It is, moreover, an exhibition that significantly expands our understanding of the “new paintings” that Pissarro continued to create until the very last years of his long career. Many of the paintings in this show have rarely been exhibited before, and there are others, which remain in private hands, that have never been publicly exhibited before now. Some of these are so surprising that they are hardly recognizable as Pissarro’s work—even, I may say, for a Pissarro buff like myself. This is particularly true of the late figure paintings—The Young Maid (1896), for example; the Old Winegrower in Moret (Interior) (1902); and, most astonishing of all, the Elderly Woman Mending Old Clothes, Moret (also 1902, when Pissarro was seventy-two), which, as painting, takes us right into the world of Vuillard, but a Vuillard who has gone to school to Millet and Van Gogh. This is a pictorial realm which it would never before have occurred to us to associate with Pissarro, yet the result is wholly original, wholly Pissarro. Neither the subject nor the feeling shows the least trace of Vuillard’s romance with the over-upholstered world of bourgeois privacy. The scene in Pissarro is that of the dour existence of peasants and workers, yet the pictorial space is charted with a painterly architecture that is strikingly parallel to that of Vuillard’s interiors and executed with a virtuosic handling which even Vuillard could not match. The “subtleties, passages, modulations, [and] mediation of contrasts,” which Clement Greenberg observed in Pissarro’s painting more than fifty years ago, fill every centimeter of the canvas with an unfailing masterly touch. The result is painting that breaks free of much that constituted Impressionist orthodoxy even for Pissarro. We are instead in the high tide of Post-Impressionist painting on its way to the early, pre-Fauve Matisse, whose first masterwork—La Desserte (1897)—is in so many respects an hommage to late Pissarro.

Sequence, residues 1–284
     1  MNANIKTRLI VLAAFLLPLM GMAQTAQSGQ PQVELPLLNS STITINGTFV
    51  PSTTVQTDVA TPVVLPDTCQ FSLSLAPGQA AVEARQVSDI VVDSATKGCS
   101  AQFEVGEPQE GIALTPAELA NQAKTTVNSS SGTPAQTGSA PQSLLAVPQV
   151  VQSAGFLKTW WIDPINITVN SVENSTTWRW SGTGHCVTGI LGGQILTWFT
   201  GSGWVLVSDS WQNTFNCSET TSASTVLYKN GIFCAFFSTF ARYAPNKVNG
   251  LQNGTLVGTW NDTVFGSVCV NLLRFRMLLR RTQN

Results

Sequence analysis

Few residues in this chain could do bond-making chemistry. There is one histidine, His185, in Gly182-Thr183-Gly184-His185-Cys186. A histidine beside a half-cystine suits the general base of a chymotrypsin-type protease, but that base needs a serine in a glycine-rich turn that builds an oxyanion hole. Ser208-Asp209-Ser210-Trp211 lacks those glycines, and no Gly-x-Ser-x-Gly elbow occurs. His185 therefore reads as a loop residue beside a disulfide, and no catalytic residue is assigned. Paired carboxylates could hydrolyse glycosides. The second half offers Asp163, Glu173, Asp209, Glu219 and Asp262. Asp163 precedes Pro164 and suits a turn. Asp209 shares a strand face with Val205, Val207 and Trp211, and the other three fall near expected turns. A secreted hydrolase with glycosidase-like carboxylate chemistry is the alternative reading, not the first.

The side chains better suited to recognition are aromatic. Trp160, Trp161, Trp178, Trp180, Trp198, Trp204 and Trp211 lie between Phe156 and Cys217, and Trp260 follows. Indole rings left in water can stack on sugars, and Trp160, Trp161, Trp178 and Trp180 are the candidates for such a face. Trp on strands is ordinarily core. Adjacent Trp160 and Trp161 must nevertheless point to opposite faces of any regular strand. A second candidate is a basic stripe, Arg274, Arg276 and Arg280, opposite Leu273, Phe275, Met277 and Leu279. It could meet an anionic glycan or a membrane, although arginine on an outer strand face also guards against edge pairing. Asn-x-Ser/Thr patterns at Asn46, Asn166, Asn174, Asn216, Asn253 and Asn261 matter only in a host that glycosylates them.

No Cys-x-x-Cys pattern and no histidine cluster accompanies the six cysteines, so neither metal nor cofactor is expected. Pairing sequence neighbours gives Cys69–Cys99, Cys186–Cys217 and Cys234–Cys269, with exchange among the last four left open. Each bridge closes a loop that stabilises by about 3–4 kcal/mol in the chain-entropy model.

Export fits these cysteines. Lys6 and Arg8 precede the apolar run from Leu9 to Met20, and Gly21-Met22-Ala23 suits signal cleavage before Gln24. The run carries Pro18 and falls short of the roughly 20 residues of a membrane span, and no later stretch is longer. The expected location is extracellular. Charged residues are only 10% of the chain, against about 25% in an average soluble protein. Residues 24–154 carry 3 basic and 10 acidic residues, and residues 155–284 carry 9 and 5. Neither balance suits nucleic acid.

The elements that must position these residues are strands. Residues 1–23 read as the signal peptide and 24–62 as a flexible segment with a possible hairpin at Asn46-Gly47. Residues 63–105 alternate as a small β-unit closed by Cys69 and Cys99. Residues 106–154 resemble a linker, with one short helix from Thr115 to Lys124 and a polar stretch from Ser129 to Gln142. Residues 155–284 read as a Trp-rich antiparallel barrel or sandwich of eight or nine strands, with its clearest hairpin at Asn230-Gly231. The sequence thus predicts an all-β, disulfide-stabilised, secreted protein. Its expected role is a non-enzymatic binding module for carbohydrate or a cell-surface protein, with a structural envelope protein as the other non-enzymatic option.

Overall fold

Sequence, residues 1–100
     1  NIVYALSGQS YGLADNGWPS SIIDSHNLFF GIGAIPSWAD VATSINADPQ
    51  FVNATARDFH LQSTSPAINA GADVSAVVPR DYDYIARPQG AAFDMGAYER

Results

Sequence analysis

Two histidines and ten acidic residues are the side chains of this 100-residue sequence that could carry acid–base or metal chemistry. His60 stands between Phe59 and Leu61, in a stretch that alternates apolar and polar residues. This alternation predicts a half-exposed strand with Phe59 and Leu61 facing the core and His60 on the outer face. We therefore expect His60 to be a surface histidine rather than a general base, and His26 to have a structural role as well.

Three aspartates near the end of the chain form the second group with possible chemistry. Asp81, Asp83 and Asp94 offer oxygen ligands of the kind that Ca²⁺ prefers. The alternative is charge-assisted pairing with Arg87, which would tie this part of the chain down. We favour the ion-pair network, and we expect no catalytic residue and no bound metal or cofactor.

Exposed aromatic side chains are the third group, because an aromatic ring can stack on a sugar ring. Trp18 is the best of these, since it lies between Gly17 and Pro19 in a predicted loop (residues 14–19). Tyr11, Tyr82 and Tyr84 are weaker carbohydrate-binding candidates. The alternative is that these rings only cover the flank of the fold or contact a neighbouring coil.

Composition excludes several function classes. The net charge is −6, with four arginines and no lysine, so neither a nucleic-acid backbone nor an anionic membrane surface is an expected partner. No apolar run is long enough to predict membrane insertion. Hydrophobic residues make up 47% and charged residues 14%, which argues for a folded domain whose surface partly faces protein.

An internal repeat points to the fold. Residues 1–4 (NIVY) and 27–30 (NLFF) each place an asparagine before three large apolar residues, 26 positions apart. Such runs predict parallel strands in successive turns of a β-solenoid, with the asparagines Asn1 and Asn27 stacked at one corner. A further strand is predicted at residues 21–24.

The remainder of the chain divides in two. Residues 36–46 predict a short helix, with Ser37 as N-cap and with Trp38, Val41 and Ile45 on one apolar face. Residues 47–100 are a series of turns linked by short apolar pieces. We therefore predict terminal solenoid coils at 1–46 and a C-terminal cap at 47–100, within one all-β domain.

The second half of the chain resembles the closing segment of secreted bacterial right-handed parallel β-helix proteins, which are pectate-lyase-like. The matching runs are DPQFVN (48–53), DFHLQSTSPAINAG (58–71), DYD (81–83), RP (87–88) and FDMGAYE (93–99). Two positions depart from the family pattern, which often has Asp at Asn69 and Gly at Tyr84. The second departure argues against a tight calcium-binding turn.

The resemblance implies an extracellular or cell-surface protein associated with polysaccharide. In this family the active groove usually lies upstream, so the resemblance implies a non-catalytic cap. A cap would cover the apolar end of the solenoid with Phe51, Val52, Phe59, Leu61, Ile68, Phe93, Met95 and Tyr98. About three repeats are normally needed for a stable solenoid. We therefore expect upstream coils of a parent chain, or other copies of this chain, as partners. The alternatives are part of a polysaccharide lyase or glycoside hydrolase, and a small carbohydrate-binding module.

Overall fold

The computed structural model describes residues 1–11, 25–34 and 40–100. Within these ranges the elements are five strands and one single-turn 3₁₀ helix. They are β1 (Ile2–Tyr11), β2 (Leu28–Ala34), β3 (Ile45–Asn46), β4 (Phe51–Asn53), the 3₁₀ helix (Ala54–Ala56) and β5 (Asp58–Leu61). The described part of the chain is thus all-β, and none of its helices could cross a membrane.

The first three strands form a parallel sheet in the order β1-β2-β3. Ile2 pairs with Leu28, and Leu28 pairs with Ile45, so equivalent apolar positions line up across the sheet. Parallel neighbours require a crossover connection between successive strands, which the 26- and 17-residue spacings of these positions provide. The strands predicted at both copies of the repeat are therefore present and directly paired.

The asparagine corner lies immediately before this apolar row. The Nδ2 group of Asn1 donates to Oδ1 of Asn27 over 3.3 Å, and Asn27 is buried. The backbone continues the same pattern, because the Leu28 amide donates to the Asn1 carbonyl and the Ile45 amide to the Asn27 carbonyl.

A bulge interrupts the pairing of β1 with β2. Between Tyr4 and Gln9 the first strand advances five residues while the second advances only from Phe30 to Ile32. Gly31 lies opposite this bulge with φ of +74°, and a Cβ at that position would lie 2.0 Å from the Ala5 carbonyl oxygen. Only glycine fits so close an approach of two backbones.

In thinking about the late paintings in the current Pissarro exhibition and the late “series” paintings in “The Impressionist and the City” of 1992–93, I am reminded once again of how far we have recently come in getting to know Pissarro and of the changes this has brought in our critical assessment of his achievement. The essay that Lionello Venturi devoted to Pissarro in his study of Impressionists and Symbolists (1950), for example, contains many marvelous observations of the man and his work. Above all, Venturi insisted that “although a convinced naturalist, [Pissarro] soon understood that art was not a subjection to the data of nature but rather an autonomous reality which differed from nature,” and Venturi himself fully understood that “the efforts of our artists [that] are concentrated on the attainment of the autonomy of art” constituted one of the great projects of modernism. And while he also appreciated the depth of Pissarro’s political sentiments, which were those of a libertarian anarchist—“a man of great heart,” Venturi wrote of Pissarro, “he espoused the cause of the disinherited and considered himself one of them”—it was also observed that the artist “never stooped to use [his painting] as an instrument for achieving his moral and social ideals.” Yet for all the sympathy and understanding that Venturi lavished on Pissarro, he was nonetheless moved to conclude that “Pissarro’s absolute value as an artist is to be found in his works before 1880.” That is a judgment which it is no longer possible to uphold.